But if allegations against Trump continue gathering momentum, Collins’s self-described moderate stance could face the test of the nastiest battles in Washington: federal probes and potential impeachment. Longtime Washington figures are now openly using “the I-word” with regards to Trump.
“The key to whether there is a serious investigation on Capitol Hill or not largely resides with what, if anything, Senate majority leader McConnell is going to do,” said James Manley, a Democratic strategist who worked for former majority leader Harry Reid of Nevada, the late senator Edward M. Kennedy of Massachusetts, and former majority leader George Mitchell of Maine.
“Forget about the House,” said Manley. “And the only way McConnell is going to allow an aggressive investigation is if he hears enough from his caucus they’ve had enough, which includes Senator Collins.”
Others question whether Collins has been tough enough.
“She could be more forceful. Her statements are rather, shall we say, minimalist in taking a strong position,” said Janet Martin, a professor of government at Bowdoin College. “And she’ll pretty much wait until she knows it would be safe to take a position against the president.”
Collins votes in alignment with Trump nearly 88 percent of the time, according to a tracker maintained by the website FiveThirtyEight, signing off on his Supreme Court nominee Neil Gorsuch and, last week, initially voicing support for his firing of Comey.
But, in January, she joined with a handful of other GOP senators opposing a temporary ban on immigrants from seven majority-Muslim countries and in March opposed an effort to strip federal funds from health centers that perform abortions. Last week, she voted against an administration-backed resolution nullifying a rule requiring energy companies to reduce pollution.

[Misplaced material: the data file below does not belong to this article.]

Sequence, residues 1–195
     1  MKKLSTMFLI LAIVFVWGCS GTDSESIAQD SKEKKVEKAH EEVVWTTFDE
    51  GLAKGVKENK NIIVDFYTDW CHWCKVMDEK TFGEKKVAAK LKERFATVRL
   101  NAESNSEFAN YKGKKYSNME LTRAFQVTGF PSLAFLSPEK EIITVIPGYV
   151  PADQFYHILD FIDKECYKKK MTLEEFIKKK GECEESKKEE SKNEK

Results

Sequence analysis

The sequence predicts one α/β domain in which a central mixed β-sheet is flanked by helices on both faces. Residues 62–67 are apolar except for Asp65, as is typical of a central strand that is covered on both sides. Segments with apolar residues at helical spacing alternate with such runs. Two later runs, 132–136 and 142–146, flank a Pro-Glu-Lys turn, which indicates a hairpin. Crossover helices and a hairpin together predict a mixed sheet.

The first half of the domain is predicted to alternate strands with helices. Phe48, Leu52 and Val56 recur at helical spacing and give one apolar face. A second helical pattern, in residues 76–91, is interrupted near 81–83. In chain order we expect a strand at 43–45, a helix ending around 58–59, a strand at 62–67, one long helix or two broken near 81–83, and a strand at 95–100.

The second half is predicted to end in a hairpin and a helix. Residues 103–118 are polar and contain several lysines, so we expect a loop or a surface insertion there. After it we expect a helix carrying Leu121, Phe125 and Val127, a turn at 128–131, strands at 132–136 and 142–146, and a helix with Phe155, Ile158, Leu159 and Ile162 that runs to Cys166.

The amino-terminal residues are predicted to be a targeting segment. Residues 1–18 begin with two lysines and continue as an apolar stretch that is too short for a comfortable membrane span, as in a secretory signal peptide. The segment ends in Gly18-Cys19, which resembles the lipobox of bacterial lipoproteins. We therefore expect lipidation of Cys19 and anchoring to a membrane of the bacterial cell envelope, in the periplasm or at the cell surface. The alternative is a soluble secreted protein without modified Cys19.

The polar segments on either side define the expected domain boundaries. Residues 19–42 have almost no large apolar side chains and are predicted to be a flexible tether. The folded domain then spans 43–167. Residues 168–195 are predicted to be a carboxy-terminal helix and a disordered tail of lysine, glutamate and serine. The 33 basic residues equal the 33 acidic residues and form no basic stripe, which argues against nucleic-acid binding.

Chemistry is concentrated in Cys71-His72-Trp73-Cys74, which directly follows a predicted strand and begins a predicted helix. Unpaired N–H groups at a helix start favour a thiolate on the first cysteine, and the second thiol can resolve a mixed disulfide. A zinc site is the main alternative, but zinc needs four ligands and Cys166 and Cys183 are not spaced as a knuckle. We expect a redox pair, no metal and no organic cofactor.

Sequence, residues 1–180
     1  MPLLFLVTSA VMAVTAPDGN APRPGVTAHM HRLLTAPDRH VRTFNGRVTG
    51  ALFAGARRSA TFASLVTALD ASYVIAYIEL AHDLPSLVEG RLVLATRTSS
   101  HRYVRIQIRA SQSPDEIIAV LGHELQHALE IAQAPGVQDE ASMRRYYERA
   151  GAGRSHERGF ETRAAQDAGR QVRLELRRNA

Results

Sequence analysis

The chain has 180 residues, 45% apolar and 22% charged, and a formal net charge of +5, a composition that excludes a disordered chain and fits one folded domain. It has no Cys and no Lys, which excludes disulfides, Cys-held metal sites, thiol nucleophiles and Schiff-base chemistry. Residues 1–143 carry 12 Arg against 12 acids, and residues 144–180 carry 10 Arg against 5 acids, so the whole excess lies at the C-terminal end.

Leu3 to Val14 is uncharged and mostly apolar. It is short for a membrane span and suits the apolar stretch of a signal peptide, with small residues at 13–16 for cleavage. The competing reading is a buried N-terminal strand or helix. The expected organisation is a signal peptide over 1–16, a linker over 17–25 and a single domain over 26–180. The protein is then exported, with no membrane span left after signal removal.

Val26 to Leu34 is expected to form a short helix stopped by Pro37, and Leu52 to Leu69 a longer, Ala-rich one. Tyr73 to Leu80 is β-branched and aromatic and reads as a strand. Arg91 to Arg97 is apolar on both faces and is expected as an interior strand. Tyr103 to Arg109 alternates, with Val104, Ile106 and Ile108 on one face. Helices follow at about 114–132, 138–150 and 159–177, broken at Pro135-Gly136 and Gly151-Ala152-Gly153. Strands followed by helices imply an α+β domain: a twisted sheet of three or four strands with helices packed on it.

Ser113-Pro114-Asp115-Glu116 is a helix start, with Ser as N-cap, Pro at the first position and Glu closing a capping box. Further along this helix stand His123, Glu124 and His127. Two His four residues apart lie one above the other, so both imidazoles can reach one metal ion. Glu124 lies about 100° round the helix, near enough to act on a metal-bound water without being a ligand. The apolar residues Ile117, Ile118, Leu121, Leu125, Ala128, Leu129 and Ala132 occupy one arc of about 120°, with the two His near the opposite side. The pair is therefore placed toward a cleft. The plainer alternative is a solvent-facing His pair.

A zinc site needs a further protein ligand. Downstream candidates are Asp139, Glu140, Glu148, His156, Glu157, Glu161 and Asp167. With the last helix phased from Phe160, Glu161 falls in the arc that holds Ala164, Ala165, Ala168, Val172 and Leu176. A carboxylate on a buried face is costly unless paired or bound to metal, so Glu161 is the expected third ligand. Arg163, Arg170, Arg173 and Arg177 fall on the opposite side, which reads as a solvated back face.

She also voted against the president’s choice for education secretary.
And last August she took to the Washington Post op-ed page to announce she would not be voting for Trump.
With mounting questions about the administration, other Republicans have been edging away from the president, particularly after explosive reports Tuesday that Comey had written a memo based on a meeting with Trump in which he said the president asked him to drop an investigation into Flynn’s dealings with Russia.
Maine’s other senator, Angus King, an independent who also sits on the intelligence committee, told CNN late Tuesday night, that he “reluctantly” thought that, if Comey’s reported allegations are true, the country was coming closer to impeachment.
If things progress that far, Collins would likely play a key role. At the same time, she is postponing a decision until “early this summer” on whether to run for governor next year, where her actions during the investigations would surely become an issue.
“The question is whether Senator Collins and others are going to push Senator McConnell to get something done,” said Manley.
Senator Elizabeth Warren, the Massachusetts Democrat and a frequent Trump critic, said she came to know Collins through their work on aging and medical research funding, calling her “focused and deeply informed.”
Asked whether she were surprised at Collins’s vocal criticism of Trump, Warren laughed, saying, “No. That’s Susan. She’s going to row her own boat here.”Jim O’Sullivan can be reached at firstname.lastname@example.org. Follow him on Twitter at @JOSreports.